Bruce Springsteen – The Promise: Darkness on the Edge of Town Remastered (1978)

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This world of digital sound can be quite tricky. The original line about CDs was that they would provide “perfect sound forever.” Yeah, sure. In their haste to get product to market, the early mastering jobs produced less than stellar results. In the intervening years, we’ve learned a lot about this process, although the “loudness wars” have stepped in to muddy the waters. That’s why I often cringe when seeing the word “remaster” next to an album that I love. Very often, far too much compression is applied, squeezing the “air” out of the mix. Oh sure, it sounds louder, but that doesn’t mean “better.”

All of which means that yes, I did in fact cringe when I read that Darkness On The Edge Of Town was to be remastered as part of the release of The Promise. Yes, the original CD master had some issues — washed-out highs and a muddy bottom end. But was that any reason to risk exposing this classic album to the loudness monster?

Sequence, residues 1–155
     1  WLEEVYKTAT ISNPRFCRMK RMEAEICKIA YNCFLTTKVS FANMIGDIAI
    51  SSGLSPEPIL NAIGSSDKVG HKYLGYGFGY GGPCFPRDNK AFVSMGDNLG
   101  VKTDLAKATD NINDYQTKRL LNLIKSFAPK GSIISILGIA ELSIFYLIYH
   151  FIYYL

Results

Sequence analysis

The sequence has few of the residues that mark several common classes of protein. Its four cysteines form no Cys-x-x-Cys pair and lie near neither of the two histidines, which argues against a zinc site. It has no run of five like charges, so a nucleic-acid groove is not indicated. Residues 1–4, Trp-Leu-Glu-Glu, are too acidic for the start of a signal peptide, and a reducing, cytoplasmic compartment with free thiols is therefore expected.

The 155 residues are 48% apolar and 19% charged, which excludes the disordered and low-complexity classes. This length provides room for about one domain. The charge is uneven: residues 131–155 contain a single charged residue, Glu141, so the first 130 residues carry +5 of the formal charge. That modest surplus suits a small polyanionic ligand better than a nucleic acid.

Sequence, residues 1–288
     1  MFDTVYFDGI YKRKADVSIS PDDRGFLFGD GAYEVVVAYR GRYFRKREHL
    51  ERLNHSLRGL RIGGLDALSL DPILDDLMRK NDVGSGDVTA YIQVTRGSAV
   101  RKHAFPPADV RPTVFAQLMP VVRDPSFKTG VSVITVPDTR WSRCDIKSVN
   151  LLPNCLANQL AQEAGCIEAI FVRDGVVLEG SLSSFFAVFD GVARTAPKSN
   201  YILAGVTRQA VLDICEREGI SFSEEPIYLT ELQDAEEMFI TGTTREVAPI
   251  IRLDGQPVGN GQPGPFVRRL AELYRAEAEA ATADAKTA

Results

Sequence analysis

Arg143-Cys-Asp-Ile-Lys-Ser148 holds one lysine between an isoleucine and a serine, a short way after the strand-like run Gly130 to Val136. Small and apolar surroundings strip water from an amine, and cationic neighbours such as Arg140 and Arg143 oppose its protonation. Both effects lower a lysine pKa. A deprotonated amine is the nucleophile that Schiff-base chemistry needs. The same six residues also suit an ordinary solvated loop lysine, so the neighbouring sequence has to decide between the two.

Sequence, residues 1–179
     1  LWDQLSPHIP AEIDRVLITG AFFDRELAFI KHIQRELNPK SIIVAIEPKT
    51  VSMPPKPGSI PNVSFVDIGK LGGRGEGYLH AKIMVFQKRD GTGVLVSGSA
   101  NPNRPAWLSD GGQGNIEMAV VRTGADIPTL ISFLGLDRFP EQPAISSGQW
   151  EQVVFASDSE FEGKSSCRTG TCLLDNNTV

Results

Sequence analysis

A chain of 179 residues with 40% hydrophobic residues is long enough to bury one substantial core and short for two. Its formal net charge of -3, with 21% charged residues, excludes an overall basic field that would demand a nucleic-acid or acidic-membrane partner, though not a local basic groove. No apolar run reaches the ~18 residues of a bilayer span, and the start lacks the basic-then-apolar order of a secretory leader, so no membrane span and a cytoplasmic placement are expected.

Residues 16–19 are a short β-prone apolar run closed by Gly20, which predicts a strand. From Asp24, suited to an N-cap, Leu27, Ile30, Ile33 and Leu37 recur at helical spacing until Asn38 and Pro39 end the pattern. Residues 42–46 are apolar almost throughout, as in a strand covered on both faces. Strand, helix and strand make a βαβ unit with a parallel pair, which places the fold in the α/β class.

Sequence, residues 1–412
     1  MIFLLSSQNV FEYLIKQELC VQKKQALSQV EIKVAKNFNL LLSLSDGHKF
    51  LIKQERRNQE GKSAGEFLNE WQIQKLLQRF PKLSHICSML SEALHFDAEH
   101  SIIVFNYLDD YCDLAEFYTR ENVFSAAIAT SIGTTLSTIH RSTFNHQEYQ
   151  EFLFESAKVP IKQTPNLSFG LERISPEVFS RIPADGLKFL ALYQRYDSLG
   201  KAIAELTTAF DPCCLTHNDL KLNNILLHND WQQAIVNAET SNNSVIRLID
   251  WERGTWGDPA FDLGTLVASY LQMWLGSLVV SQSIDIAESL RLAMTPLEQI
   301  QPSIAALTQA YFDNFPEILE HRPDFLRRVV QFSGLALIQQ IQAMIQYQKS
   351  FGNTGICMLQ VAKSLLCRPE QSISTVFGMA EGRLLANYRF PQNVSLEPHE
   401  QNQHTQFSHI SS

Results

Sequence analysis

I needn’t have been concerned. The Darkness remastering is full of subtle improvement without the addition of unnecessary sonic bombast. Corrections were made exactly where they were needed. On the high end, the sizzle of Max’s high hat and that wet sound of the stick on the ride cymbal have greatly improved clarity. We want to hear the crisp attack of those cymbal sounds, with the natural decay that follows. Those elements have been fully restored. On the bottom end, Garry W. Tallent’s bass lines stand out more in the mix. Distinct phrases can now be heard in places where we used to hear “thud, thud, thud.”

The remastering job on Darkness On The Edge Of Town succeeds in adding that air between the instruments. This makes for a more aggressive sound without excessive compression coming in to spoil the fun. Go ahead, turn this one up loud. It can take it.

Mark Saleski

Mark Saleski

Mark Saleski is a writer and music obsessive based out of the woods of central New Hampshire. A past contributor to Jazz.com, Blogcritics.org and Salon, he originated several of our weekly features including the Friday Morning Listen, (Cross the) Heartland, WTF! Wednesday, and Sparks Fly on E Street. Follow him on Twitter: @msaleski. Contact Something Else! at reviews@somethingelsereviews.com.
Mark Saleski
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